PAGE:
The Modern versus Extended Evolutionary Synthesis: an intra-genomic gene's eye view for the evolution-theoretic underpinning of molecular and developmental epigenetics
Studying the phenotypic evolution of organisms in terms of populations of genes and genotypes, the Modern Synthesis (MS) conceptualizes biological evolution in terms of 'inter-organismal' interactions among genes sitting in the different individual organisms that constitute a population.
It 'black-boxes' the complex 'intra-organismic' molecular and developmental epigenetics that mediates between genotypes and phenotypes. To conceptually integrate epigenetics into evolutionary theory, advocates of an Extended Evolutionary Synthesis (EES) argue that the MS's reductive gene-centrism should be abandoned in favour of a more inclusive organism-centred
approach. To push the debate to a new level of understanding, I introduce the evolutionary biology of 'intra-genomic conflict' to the controversy. This field is both gene-centred and 'intraorganismic' and, as such, could build a bridge between the gene-centred MS and the intraorganismic field of epigenetics. I will build an evolutionary model based on intra-genomic conflict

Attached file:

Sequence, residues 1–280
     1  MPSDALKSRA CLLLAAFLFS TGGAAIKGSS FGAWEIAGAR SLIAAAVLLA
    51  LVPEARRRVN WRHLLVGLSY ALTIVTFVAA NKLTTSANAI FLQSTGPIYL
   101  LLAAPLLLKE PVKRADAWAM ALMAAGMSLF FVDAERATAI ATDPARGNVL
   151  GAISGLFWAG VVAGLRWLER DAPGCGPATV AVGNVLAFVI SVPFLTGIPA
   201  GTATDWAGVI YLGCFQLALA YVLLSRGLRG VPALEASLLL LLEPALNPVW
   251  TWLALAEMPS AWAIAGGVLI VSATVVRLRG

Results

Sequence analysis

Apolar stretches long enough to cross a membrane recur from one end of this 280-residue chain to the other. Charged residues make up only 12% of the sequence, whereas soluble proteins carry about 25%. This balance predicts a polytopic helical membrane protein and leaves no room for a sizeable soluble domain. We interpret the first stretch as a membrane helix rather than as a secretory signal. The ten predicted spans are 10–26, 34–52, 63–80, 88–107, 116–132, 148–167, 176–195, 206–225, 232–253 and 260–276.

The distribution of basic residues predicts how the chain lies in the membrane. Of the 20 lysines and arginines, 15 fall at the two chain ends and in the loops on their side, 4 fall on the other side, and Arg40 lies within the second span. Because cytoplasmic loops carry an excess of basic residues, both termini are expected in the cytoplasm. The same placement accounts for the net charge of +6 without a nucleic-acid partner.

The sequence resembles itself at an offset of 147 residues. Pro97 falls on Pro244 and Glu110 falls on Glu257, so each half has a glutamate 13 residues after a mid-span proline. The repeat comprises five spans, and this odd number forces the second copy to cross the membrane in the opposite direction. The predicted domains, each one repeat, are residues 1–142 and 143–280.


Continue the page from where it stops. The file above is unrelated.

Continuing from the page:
and compromise - an intra-genomic gene's eye view - that thinks in terms of combinatorial behavioural-ecological interactions among genes within the genome, as such allowing to consider a combinatorial increase of genetic information compared to when genes are considered separately. This 'non-reductively gene-centred' model will be used to evolutionary-genetically
underpin both molecular and developmental epigenetics.